What funds has Family Watch International spent on shaping policy, spreading the organization’s beliefs or supporting politicians or political campaigns in Uganda?


To date, FWI has never funded any public candidates for office or any political campaigns in Uganda, nor the promotion of any bills.


We have promoted family-based care for orphans and supported an orphanage to work on creating a foster care program whereby children can be cared for by relatives or families in their communities. We have also promoted and supported the implementation of an abstinence-based, HIV/AIDS-prevention program for children ages 9-12, which does not address any LGBT issues whatsoever (see In fact, it is the orphan and HIV issues that brought our attention to Uganda in the first place. We have also funded a small campaign to raise awareness on the harms of comprehensive sexuality education in general and uncover and expose the Western-funded, donor-driven CSE agendas hidden within proposed policies such as the ESA ministerial commitment on CSE and the ACP-EU Agreement, all of which advance harmful, foreign-funded and highly controversial comprehensive sexuality education programs designed to sexualize African children.


Why is Family Watch International involved in Africa at all?


Our main purposes in Africa have been to promote family-based care for orphans, abstinence-based, HIV-prevention programs for children, parenting skills for primary caregivers, and to rigorously oppose the sexual exploitation and premature sexualization of children, especially through foreign-funded, donor-imposed comprehensive sexuality education. And finally, we promote respect for national sovereignty and the religious and cultural values of African countries and strongly oppose the sexual-social and cultural imperialism of donor countries and UN agencies.


Has Family Watch International been involved in replicating the Uganda Anti-Homosexuality Act 2023 or laws like it in other African countries, including Kenya and Tanzania?


Contrary to false media reports, Family Watch International has never promoted, supported or tried to replicate any anti-homosexuality bills like the Ugandan Anti-Homosexuality Act 2023.


The Southern Poverty Law Center alleges Family Watch International is an extremist hate group. Is this true?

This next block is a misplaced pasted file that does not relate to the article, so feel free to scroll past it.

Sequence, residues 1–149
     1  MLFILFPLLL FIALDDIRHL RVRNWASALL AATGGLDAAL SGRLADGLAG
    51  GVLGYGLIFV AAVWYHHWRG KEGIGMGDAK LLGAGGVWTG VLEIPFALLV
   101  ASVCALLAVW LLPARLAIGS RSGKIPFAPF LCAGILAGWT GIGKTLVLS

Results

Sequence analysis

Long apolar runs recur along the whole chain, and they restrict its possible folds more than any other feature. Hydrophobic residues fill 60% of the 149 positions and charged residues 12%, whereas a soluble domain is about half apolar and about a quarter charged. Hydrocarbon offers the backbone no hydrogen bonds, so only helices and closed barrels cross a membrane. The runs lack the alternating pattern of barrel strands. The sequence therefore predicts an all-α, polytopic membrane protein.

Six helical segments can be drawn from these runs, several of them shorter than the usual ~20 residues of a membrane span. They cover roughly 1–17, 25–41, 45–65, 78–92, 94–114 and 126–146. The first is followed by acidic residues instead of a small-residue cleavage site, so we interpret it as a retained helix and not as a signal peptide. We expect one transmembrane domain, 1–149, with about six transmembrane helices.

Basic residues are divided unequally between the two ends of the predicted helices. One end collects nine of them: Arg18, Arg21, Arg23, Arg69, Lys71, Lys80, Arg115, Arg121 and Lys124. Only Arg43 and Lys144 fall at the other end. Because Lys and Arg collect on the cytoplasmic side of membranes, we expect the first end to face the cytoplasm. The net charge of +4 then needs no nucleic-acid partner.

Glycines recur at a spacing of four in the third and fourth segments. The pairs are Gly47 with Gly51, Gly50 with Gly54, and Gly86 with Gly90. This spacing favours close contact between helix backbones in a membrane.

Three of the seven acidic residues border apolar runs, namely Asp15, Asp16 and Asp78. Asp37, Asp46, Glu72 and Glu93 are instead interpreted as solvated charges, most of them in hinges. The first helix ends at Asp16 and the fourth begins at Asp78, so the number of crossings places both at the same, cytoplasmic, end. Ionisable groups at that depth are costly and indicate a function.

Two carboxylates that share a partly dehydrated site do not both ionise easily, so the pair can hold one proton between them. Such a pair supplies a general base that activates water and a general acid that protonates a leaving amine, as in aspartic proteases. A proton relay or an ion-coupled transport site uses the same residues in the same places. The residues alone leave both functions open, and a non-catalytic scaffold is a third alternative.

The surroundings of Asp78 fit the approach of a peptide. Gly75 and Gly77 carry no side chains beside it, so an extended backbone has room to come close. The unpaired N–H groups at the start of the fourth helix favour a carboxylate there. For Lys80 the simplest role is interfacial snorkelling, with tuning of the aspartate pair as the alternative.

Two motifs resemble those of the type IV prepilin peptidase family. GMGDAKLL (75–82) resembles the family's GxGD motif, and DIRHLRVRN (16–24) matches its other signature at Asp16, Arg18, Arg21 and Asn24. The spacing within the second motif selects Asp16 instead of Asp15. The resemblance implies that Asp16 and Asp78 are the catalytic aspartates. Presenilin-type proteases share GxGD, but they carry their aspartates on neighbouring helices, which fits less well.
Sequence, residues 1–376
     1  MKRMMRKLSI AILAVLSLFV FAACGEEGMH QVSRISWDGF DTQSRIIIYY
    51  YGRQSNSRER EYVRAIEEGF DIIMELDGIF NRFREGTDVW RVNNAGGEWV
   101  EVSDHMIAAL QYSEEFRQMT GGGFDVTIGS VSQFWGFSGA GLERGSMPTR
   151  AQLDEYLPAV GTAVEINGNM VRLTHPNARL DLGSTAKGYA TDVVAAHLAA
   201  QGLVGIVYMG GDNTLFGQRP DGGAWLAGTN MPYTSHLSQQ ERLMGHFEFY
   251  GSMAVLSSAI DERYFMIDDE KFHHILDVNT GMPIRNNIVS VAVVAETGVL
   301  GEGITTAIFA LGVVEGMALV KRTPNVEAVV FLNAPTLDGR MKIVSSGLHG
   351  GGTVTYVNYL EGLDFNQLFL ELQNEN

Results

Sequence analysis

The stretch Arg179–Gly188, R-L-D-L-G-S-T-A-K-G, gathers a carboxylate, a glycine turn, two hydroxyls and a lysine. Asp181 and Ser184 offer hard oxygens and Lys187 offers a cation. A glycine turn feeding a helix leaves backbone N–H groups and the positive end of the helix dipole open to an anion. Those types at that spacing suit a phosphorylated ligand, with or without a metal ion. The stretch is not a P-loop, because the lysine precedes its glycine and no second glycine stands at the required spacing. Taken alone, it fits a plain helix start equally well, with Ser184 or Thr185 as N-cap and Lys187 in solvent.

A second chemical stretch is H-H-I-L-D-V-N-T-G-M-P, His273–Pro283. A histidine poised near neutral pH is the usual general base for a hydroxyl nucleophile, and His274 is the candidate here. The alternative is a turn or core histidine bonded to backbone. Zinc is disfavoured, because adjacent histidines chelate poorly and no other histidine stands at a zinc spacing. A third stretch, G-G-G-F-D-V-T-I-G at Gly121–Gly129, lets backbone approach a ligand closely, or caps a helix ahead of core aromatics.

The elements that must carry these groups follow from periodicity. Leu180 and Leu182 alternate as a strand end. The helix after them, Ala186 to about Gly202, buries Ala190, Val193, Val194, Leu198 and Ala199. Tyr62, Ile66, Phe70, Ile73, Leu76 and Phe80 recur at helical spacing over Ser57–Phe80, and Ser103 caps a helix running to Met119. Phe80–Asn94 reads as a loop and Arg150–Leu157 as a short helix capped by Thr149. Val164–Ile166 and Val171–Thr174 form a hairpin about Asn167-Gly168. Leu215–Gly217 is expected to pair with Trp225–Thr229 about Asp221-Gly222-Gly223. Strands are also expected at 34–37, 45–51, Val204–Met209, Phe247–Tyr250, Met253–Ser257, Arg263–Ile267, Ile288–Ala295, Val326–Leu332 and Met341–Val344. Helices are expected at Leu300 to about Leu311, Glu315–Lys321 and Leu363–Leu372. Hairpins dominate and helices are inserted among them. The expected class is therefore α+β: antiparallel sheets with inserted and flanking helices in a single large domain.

No. Ironically, since that “hate” claim is coming from a group that has been discredited by both the right and the left for their malicious and unfounded accusations—a group that has even incited a violent hate crime with their false hate-group labeling—we encourage diligent journalists to seriously examine the source of that claim before irresponsibly and gratuitously repeating it. We invite you to go to where you will find verifiable information that the SPLC is a political organization that has made millions of dollars in profits from falsely labeling people and organizations with which it disagrees as “hate groups.” It even labeled former U.S. presidential candidate Ben Carson as a “hater” and was later forced to apologize to him. In fact, all the SPLC’s training materials were stripped from the website of the U.S. Department of Defense Office of Diversity Management and Equal Opportunity when it was found to be an unreliable source of legitimate “hate group” information. Increasingly, we see when someone can’t debate on the merits of an argument, they often play the “hate” card instead.


The Southern Poverty Law Center alleges Sharon Slater, president of Family Watch International, “promotes anti-LGBT pseudoscience.” Is this true?


The “pseudoscience” claim is a cheap shot used when a person cannot debate on the merits of an argument. Family Watch publishes summaries of the outcomes of peer-reviewed scientific studies to support our positions. Dishonest journalists have sometimes taken the outcomes of the studies Family Watch reports on and mischaracterized them as Family Watch opinion rather than forthrightly reporting that we were quoting from or paraphrasing from a study. We don’t create the facts, we just report on them. We challenge anyone to identify any specific study or medical fact we have reported on or cited that has been done in error. Family Watch is not a religious organization. We promote evidence-based policies that have proven to lead to the best outcomes for men, women and children, and thus, for societies.


What is the situation with regard to FWI president Sharon Slater and her husband Greg adopting children from Africa?


FWI president Sharon Slater and her husband Greg adopted three African children from Mozambique. (See their story here.) They have seven African grandchildren and an African son-in-law. Many members of their African children’s extended families live in Africa. So personally, Mrs. Slater feels her family has a vested stake in protecting their African grandchildren from the global child sexualization agenda pushed across the continent of Africa by Western nations.


It was while working on their adoption in 2002 when their then 9-year-old Mozambican daughter received graphic instruction in school about anal sex. Both the children’s biological parents passed away from AIDS, and Mrs. Slater cared for their older brother during the last painful stages of his death from AIDS. So to see organizations like International Planned Parenthood Foundation (IPPF) working with the WHO, UNAIDS and other UN agencies encouraging the very sexual acts that spread AIDS at the highest rates, she could not keep silent.